LOS ANGELES • Maria Sharapova was warned by the tennis authorities no fewer than five times in the month before she failed a doping test, that the drug she was taking had been added to the list of banned substances.
The 28-year-old is facing a lengthy suspension after testing positive for meldonium at the Australian Open in January.
The Russian, who disclosed the positive finding at a news conference on Monday, claimed that she was unaware that the drug had been included on the World Anti-Doping Agency's (Wada) banned list on Jan 1. But it can be disclosed that during December, there were five separate communications to tennis players, including her.
There were three correspondences from the International Tennis Federation (ITF) and two from the Women's Tennis Association (WTA), all containing warnings that meldonium - which is also known as mildronate - was to be banned. Wada had also given notice of the fact as early as September.
The communications included "wallet cards" listing banned substances on Dec 3, a link to the latest documents posted on the international federation's website on Dec 7 and a further notification from the women's association on Dec 11.
On Dec 22, players were provided with another link via e-mail - which was referred to by the former world No. 1 in her press conference - and there was a final reminder by the WTA on Dec 29.
When asked about the four other communications, Sharapova's management team responded with a statement: "Whether it was one notice of some kind or more than one, Maria has already acknowledged she should have known. She makes no excuses for missing it."
There remains unanswered questions, however, including whether Sharapova had listed meldonium on doping control forms when she had given samples in the past.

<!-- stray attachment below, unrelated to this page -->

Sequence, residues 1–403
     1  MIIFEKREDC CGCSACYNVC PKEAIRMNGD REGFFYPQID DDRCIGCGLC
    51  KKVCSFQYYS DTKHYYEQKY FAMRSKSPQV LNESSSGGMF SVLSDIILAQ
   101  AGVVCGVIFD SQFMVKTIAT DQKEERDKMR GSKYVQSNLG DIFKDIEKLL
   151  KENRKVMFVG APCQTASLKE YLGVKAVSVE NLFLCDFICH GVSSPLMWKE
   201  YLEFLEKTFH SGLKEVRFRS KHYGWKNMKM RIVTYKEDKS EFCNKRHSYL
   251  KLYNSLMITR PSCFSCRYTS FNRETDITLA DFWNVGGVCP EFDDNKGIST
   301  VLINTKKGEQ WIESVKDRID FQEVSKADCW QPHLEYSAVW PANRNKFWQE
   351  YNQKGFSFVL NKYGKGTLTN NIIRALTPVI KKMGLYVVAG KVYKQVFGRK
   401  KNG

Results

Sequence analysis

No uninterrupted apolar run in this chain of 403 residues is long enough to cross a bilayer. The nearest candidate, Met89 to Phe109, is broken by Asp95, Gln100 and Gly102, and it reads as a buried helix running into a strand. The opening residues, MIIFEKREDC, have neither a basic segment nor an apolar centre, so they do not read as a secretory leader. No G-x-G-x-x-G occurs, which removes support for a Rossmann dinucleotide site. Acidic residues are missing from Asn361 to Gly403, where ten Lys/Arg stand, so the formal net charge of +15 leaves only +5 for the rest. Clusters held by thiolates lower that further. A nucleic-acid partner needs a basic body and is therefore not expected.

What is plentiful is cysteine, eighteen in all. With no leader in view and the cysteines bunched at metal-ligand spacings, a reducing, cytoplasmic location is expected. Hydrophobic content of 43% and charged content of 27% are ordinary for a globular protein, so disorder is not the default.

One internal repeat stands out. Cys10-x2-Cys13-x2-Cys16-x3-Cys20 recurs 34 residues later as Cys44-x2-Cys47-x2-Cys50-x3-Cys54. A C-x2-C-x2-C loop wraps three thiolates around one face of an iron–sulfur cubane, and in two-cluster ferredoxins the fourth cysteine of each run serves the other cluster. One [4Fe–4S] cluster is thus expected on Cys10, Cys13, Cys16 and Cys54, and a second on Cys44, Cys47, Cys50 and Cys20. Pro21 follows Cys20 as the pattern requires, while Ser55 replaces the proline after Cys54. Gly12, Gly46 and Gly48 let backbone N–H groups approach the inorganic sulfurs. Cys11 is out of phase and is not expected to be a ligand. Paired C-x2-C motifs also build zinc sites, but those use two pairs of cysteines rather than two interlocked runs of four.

The five-time Grand Slam champion also revealed that she had been using meldonium for a decade. She said she took the heart medicine - which is not licensed in the US - since 2006 after health problems including regular sicknesses, early signs of diabetes and "irregular" results from echocardiography exams. But the manufacturer, Grindeks, has said that the normal course of treatment was only four to six weeks.
"Depending on the patient health condition, treatment course of meldonium preparations may vary from four to six weeks," a spokesman from Grindeks said.
"Treatment course can be repeated twice or thrice a year. It is not to be prescribed to treat diabetes. Only physicians can follow a patient's health condition and state whether the patient should use meldonium for a longer period of time."
There is also evidence that meldonium has long been known to boost performance in sport, increasing blood flow to the heart and muscles and helping to enhance aerobic capacity. Ivars Kalvins, the drug's inventor, contributed to a research paper in 2012 that even spelt out the gains to be had and, helpfully, revealed the ideal dose for athletes as "0.5g-1g twice a day before training, a 14-21 day course during training period and 10-14 days before competitions".
The ITF said that Sharapova had been informed of the positive test on March 2 and she will be provisionally suspended from Saturday.
The world No. 7 could theoretically face a four-year ban but her legal team intends to argue for a much shorter suspension. The feeling in the Sharapova camp on Tuesday was that a ban of one year or less was achievable.
"Maria and I are looking at all our options," said John Haggerty, the player's lawyer. "Unfortunately, we are not allowed, because of the confidential nature of the process, to discuss any efforts we may be taking in connection with that process."
According to American sports lawyer Paul Greene, one option for Sharapova is to apply retroactively for a therapeutic-use exemption for meldonium, which would be based on her long-term medical usage. If approved, it could absolve her.
The normal adjudication procedure calls for Sharapova to face a three-member tribunal, whose members are appointed by the ITF. Haggerty said no date had been fixed for that hearing or the official meeting that would precede it.
THE TIMES, LONDON, NEW YORK TIMES